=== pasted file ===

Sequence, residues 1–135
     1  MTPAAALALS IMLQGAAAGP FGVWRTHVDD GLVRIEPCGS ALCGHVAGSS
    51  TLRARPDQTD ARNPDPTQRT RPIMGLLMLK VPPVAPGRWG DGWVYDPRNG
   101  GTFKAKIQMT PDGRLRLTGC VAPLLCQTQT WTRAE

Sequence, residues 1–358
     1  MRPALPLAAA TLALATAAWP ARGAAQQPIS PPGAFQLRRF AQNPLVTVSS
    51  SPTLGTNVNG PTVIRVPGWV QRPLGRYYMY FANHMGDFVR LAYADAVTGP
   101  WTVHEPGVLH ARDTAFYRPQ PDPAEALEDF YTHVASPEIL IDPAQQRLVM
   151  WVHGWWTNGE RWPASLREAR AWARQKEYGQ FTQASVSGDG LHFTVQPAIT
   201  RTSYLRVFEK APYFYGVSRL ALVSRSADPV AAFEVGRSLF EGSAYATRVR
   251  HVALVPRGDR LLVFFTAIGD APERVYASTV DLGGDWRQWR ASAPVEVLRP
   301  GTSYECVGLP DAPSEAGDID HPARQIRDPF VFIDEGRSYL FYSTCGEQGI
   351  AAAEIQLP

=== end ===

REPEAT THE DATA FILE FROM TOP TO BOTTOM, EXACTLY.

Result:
Sequence, residues 1–135
     1  MTPAAALALS IMLQGAAAGP FGVWRTHVDD GLVRIEPCGS ALCGHVAGSS
    51  TLRARPDQTD ARNPDPTQRT RPIMGLLMLK VPPVAPGRWG DGWVYDPRNG
   101  GTFKAKIQMT PDGRLRLTGC VAPLLCQTQT WTRAE

Sequence, residues 1–358
     1  MRPALPLAAA TLALATAAWP ARGAAQQPIS PPGAFQLRRF AQNPLVTVSS
    51  SPTLGTNVNG PTVIRVPGWV QRPLGRYYMY FANHMGDFVR LAYADAVTGP
   101  WTVHEPGVLH ARDTAFYRPQ PDPAEALEDF YTHVASPEIL IDPAQQRLVM
   151  WVHGWWTNGE RWPASLREAR AWARQKEYGQ FTQASVSGDG LHFTVQPAIT
   201  RTSYLRVFEK APYFYGVSRL ALVSRSADPV AAFEVGRSLF EGSAYATRVR
   251  HVALVPRGDR LLVFFTAIGD APERVYASTV DLGGDWRQWR ASAPVEVLRP
   301  GTSYECVGLP DAPSEAGDID HPARQIRDPF VFIDEGRSYL FYSTCGEQGI
   351  AAAEIQLP